Complex networks are pervasive in military, commercial, and civilian operations. Complex networks consist of a graph (directed or undirected) together with a set of attributes. These attributes can include scalar or multi-dimensional weights on the edges or nodes of the graph, topological characteristics of the graph, and processes that define the dynamics of the graph. Complex networks cut across many scientific disciplines (e.g., mathematics, computer science, engineering, socio-economics, biology, etc.) and many application domains (e.g., logistics, sensing, information systems). Networks fundamentally describe the structural aspects of interactions between individual agents. Networks can be extremely large and can have multiple characteristic scales. They can be static or dynamic. They can be physical or virtual. Networks can consist of multiple heterogeneous subnetworks (i.e., a network-of-networks), with explicit and implicit interdependencies. For example, logistical networks are intimately coupled to computer and electrical-power networks. Thus, the failure of a critical node or arc in one network can trigger failures in another, which can create a cascade event with catastrophic consequences. All of these characteristics of networks can make the analysis, understanding, and utilization of networks difficult and computationally prohibitive.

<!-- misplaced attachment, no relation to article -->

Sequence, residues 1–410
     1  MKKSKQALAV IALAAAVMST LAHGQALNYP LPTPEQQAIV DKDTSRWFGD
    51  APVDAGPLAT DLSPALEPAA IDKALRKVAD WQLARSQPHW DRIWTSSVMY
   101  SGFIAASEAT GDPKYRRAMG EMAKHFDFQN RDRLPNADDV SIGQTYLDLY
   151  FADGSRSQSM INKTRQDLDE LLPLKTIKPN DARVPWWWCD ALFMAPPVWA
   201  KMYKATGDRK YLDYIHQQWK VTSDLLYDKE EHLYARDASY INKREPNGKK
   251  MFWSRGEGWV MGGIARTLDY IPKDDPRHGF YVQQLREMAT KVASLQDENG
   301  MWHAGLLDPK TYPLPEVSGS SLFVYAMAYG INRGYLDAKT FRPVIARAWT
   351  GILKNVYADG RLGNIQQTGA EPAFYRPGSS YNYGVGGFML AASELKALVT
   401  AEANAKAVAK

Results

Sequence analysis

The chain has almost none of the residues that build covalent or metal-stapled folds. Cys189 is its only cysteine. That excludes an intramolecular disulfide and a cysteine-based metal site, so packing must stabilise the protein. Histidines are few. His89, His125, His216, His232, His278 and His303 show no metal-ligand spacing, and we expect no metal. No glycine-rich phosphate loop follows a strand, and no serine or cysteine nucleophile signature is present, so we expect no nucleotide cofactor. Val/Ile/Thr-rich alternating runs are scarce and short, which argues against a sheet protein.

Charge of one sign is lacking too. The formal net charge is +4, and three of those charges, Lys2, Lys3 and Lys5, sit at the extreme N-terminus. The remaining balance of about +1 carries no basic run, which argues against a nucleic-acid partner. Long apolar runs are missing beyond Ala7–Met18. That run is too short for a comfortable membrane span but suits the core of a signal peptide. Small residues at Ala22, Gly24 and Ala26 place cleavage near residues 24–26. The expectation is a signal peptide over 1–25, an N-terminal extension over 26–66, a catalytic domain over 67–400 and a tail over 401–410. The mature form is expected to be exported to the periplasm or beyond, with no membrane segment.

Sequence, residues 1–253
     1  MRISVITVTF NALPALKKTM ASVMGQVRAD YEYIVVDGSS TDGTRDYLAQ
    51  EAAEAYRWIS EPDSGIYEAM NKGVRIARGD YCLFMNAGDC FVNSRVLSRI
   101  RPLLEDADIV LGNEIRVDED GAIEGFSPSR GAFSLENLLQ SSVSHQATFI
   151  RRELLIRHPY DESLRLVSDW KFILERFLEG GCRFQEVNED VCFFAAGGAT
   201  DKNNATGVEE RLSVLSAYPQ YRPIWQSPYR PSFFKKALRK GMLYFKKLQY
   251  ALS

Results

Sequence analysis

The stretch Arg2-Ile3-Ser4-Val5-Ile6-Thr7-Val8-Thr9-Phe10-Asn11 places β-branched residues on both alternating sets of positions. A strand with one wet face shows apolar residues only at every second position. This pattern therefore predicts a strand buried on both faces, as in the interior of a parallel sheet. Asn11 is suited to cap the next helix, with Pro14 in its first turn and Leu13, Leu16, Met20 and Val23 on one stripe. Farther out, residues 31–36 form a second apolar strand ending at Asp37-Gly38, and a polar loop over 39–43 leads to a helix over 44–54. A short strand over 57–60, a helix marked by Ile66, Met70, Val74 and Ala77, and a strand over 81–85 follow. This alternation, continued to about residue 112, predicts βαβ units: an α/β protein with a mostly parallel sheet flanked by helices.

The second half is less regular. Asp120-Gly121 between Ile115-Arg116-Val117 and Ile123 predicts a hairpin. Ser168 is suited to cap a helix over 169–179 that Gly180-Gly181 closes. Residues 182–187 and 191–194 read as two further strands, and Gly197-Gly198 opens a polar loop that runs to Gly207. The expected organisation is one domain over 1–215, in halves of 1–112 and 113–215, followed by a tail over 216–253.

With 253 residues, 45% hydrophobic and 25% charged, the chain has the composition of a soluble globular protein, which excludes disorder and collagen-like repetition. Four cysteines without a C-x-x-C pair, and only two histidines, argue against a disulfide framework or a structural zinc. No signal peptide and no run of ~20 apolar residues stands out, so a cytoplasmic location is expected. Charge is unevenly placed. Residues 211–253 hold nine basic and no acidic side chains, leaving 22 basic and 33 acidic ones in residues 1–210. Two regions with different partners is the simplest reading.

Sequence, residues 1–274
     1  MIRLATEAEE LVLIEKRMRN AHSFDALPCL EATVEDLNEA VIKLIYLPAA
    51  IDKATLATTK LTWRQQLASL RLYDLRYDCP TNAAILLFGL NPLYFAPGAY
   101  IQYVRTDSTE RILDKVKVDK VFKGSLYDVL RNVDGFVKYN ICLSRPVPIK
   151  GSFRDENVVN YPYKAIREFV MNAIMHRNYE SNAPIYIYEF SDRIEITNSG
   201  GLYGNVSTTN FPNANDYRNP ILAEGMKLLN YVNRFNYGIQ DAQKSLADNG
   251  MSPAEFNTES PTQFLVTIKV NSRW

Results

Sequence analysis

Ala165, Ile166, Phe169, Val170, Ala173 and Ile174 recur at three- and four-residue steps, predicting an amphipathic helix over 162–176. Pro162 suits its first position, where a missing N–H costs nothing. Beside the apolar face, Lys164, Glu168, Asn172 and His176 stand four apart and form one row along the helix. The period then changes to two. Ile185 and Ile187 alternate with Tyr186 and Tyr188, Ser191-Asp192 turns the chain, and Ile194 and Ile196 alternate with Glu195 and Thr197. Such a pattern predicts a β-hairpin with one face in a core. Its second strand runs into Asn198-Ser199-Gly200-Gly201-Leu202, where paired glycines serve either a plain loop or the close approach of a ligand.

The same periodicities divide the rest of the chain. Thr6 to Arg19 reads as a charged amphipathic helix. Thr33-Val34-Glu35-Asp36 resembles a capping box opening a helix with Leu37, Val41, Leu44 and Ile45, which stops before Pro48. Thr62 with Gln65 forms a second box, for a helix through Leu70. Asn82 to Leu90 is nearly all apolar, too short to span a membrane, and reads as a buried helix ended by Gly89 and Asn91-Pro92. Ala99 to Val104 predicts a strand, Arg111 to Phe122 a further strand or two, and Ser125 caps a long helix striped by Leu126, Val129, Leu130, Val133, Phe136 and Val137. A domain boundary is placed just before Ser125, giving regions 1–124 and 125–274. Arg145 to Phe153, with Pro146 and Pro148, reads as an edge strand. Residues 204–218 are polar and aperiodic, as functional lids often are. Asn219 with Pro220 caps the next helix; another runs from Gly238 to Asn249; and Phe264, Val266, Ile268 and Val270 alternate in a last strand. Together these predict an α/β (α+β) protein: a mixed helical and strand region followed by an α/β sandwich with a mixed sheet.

This basic-research program is focused on developing fundamental mathematical and algorithmic techniques to study, understand, analyze, and design complex networks and the dynamical processes coupled to the network characteristics. The program seeks innovative approaches with far-reaching potential, meaning that, ideally, the approaches should be applicable to broad classes of problems and not tied to a particular application domain. The networks of interest can have arbitrary topologies, can be static or dynamic, and can be subject to uncertain conditions, ranging from a stochastic environment to deliberate adversarial actions affecting both nodes and links.
You are highly encouraged to contact our Program Officer prior to developing a full proposal to discuss alignment of your ideas with our program goals, your proposed methods, and the scope of your proposed effort.
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Contact InformationDr. Donald K. Wagner AFRL/AFOSR/RTB-1Email: firstname.lastname@example.org